Connie Mack III

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Connie Mack III
Conniemackiii.jpg
United States Senator
from Florida
In office
January 3, 1989 – January 3, 2001
Preceded by Lawton Chiles
Succeeded by Bill Nelson
Member of the U.S. House of Representatives
from Florida's 13th district
In office
January 3, 1983 – January 3, 1989
Preceded by William Lehman
Succeeded by Porter Goss
Personal details
Born Cornelius Alexander McGillicuddy III
(1940-10-29) October 29, 1940 (age 75)
Philadelphia, Pennsylvania
Political party Republican
Spouse(s) Ludie Priscilla Hobbs
Relations Connie Mack (grandfather)
Morris Sheppard (grandfather)
Tom Connally (step-grandfather)
Children Connie Mack IV
Alma mater University of Florida

Cornelius Alexander McGillicuddy III (born October 29, 1940), popularly known as Connie Mack, is an American attorney and Republican politician. He served as a member of the United States House of Representatives from Florida (1983–89) and then as a Senator (1989-2001). He served as chairman of the Senate Republican Conference (1997–2001).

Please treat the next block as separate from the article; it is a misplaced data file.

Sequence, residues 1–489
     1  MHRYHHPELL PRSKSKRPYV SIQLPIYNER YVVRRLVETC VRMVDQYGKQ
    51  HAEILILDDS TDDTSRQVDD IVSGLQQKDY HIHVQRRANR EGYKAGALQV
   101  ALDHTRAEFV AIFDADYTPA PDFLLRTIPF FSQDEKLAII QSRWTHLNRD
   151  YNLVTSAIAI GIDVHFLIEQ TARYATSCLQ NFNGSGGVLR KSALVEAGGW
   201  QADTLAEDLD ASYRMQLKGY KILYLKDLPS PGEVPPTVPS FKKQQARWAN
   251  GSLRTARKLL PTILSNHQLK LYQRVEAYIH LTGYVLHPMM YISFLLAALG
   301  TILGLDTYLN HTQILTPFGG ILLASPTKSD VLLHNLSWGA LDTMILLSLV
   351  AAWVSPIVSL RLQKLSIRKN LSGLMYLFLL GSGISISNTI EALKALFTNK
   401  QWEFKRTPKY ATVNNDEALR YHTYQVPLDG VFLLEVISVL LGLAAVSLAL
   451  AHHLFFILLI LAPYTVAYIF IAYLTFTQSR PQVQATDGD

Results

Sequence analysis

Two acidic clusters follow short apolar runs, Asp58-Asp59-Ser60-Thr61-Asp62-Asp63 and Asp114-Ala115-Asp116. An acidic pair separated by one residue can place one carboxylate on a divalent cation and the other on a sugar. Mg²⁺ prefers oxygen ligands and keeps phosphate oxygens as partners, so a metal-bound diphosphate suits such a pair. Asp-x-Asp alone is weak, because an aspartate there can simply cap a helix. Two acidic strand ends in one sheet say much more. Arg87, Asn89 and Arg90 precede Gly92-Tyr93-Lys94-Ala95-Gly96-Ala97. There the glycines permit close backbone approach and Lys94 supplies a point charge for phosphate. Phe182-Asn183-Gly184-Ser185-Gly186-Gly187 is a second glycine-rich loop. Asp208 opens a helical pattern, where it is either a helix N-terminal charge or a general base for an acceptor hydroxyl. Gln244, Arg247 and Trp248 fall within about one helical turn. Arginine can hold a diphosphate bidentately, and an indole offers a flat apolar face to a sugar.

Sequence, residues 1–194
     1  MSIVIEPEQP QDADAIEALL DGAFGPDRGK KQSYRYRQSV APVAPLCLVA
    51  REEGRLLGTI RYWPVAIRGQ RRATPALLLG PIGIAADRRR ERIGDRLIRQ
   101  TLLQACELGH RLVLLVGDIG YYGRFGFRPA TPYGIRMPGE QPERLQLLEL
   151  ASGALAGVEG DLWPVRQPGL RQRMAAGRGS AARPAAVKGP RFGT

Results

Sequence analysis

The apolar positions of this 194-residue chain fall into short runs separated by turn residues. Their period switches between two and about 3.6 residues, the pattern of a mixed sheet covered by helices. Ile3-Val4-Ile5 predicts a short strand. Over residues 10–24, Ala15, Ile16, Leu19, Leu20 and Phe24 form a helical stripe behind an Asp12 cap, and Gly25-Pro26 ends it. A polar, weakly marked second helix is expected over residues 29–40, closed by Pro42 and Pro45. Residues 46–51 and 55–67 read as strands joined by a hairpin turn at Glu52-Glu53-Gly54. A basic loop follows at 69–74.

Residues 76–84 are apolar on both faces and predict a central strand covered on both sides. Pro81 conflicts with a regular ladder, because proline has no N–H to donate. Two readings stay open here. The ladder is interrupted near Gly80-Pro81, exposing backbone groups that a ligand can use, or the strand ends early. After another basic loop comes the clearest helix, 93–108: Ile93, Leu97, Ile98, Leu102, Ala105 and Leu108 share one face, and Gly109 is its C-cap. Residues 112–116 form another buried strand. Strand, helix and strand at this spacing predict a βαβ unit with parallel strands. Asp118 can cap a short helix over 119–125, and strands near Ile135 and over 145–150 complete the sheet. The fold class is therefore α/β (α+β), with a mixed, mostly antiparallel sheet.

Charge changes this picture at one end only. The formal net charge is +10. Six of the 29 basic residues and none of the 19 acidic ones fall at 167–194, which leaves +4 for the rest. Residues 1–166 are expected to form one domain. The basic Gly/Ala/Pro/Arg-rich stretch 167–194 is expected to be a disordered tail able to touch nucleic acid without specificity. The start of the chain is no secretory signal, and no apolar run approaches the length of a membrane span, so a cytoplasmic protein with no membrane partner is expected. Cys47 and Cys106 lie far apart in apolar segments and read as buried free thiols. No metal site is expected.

He was considered as the Vice-Presidential nominee on the GOP ticket by Bob Dole in 1996 and George W. Bush in 2000. Jack Kemp and Dick Cheney, respectively, were chosen instead. He is the grandson of Connie Mack (1862–1956), former owner and manager of baseball's Philadelphia Athletics and a member of the Baseball Hall of Fame.

Early life, education, and family[edit]

Mack was born in Philadelphia, Pennsylvania in 1940, the son of Susan (née Sheppard) and Cornelius Alexander McGillicuddy, Jr.[1] He graduated from the University of Florida with a Bachelor of Science in Business Administration in 1966. He is a member of the Sigma Alpha Epsilon Fraternity and Florida Blue Key.